Thursday 11 April 2024

Pinkies Ahead Of The Rain

Yesterday morning I headed to the coastal farm fields, for a bit of all round migration monitoring, or staring at the sea and the sky, drinking coffee, and seeing b*gger all, as is often the case! It was cold at first light, and the wind started off from the south-east, 10 - 15 mph, and moved round to a south-westerly direction.
With the exception of the Pink-footed Geese, the visible migration was very light, with low numbers, and few species involved. A weather front was heading north, with rain forecast to arrive between 0900 and 1000, so I suspect this was having a blocking effect, and preventing any birds moving from the south. My meagre totals were 14 Meadow Pipits, six Siskins and five Linnets.
Meadow Pipit
The Pink-footed Geese movement was interesting, and it seemed that they were moving ahead of the forecast rain front. Birds were heading north out at sea, as well as directly over me on the coast. I counted 740 in total, with 249 of these birds at sea, and the other 491 directly over me. 
Pink-footed Geese
It's a pity that the movement at sea could not be considered interesting, as it was very quiet...again! I had eight Common Scoters, six Gannets, three Eiders and three Whimbrel.
In one of the tidal pools directly opposite my vantage point, I enjoyed watching a Little Egret feeding. It would slowly walk through the water, spot something and either run, or spin round, perhaps holding a wing out to shade the water, then stab at its prey item with lightning speed. I hope you agree that the images I captured below, give you a flavour of this. 


I decided to have a walk round the fields and hedgerows, before the rain came in, to look for any grounded migrants, but it was quiet. I had two male Wheatears on the sea wall, and then a male Stonechat and two Willow Warblers. My timing was perfect, as just a couple of minutes from my car, it started to rain heavily.  


Late morning today, Gail and I decided to pay a visit to the Nature Park to see if any Sedge Warblers had arrived, and they had, with just one singing from some Willow scrub and reeds at the edge of one of the pools. From this same location, I had four Willow Warblers and a male Blackcap. So, two new species of summer migrant for us, for the year. 
Singing Skylarks and Cetti's Warblers were the constant soundscape for the hour or so that we were there, and we had three and four respectively. Things have quietened down on the pools now with the Coots, Moorhens and Grebes on nests, but we did have 12 Coots, ten Tufted Ducks, three Moorhens and 11 Mallards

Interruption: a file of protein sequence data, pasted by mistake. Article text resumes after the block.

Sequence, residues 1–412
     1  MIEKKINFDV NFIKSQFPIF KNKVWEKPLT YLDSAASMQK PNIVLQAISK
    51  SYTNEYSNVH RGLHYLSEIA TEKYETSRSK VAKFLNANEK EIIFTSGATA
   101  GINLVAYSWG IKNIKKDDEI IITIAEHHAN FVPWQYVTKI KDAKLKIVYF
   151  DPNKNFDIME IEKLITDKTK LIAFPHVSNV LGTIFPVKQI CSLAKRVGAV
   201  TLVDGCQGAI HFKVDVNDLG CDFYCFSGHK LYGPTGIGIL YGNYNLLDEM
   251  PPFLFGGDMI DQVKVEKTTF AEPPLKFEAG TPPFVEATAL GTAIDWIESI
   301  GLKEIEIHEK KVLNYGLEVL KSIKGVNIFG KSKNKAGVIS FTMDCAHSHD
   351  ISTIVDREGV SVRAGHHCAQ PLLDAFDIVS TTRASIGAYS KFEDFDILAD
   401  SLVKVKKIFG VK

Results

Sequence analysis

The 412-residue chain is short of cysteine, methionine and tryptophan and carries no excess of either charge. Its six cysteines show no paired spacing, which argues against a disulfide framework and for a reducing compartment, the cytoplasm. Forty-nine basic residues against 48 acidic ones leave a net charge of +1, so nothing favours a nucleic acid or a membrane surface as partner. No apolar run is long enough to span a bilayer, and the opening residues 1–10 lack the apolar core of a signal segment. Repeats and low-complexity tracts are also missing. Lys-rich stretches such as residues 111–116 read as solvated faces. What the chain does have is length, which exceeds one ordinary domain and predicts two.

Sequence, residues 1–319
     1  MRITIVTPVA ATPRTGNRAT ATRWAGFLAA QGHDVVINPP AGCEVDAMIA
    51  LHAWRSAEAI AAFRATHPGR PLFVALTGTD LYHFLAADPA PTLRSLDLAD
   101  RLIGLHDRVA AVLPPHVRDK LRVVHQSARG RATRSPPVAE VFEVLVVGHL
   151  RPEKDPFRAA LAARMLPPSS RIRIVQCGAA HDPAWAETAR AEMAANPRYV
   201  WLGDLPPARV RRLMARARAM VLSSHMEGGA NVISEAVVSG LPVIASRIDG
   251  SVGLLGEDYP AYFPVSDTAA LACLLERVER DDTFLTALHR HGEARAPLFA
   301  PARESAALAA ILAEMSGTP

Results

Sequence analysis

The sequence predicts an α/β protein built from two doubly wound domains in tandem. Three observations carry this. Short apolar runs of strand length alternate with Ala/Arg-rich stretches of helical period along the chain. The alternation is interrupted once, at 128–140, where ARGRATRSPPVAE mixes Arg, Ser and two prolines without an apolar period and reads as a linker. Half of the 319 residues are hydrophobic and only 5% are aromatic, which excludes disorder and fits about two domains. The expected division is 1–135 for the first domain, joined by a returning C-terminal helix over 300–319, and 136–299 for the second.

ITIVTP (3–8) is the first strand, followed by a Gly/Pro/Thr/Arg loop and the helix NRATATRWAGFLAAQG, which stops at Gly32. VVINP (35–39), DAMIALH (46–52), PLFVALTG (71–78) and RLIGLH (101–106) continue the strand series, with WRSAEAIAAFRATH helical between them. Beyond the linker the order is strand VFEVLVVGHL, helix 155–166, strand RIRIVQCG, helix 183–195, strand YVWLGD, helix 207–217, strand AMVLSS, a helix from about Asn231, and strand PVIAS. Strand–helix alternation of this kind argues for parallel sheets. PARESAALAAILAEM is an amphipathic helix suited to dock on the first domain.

A male Sparrowhawk drifted north whilst we were looking over the main pool, but whether it was a migrant or not, I'm not sure. We had two male Stonechats, or was that two sightings of the same male? They were virtually at either end of the site, and one was singing, and one wasn't. So, who knows?
We spent some time looking at the invertebrates on the Alexanders along the edge of the saltmarsh, and again there were some interesting species on the flowers. If we identified them correctly, we had two species of Ichneumon wasps; three Ichneumon stramentor and a single Ophion scutellaris. Both magnificent beasties. There were numerous other species of small flies, including at least six Yellow Dung Flies, one with prey, and we had a Tawny Mining Bee. All very common, but great to see and record. 
Ichneumon stramentor (above & below). Click to enlarge.

Ophion scutellaris (above & below)

Yellow Dung Fly (above & below). With prey above.

Interestingly, there are 2,500 species of Ichneumon species in the UK, which is almost ten times our bee diversity. Many species visit flowers, particularly umbellifers, and they can therefore be quite significant pollinators of plant species in this group. 
I had my first garden butterfly species of the spring this afternoon, when a Red Admiral whizzed through the garden, heading in a general northerly direction. I was sat in the garden hoping for a raptor or two over, but it wasn't to be. 
I read with sadness that the deadly Highly Pathogenic Avian Influenza (HPAI) that has been decimating sea-bird populations, has now been confirmed in mammals in the subantarctic. The disease was detected in January 2024 in Southern Elephant Seals and Antarctic Fur Seals in South Georgia. 
Scientists in this subantarctic region have been testing for bird flu in mammals since cases were first recorded there following the deaths of several Brown Skuas in October 2023. Analysis from infected birds demonstrates that the virus has most likely been introduced through migratory birds from South America. A very sad state of affairs. 

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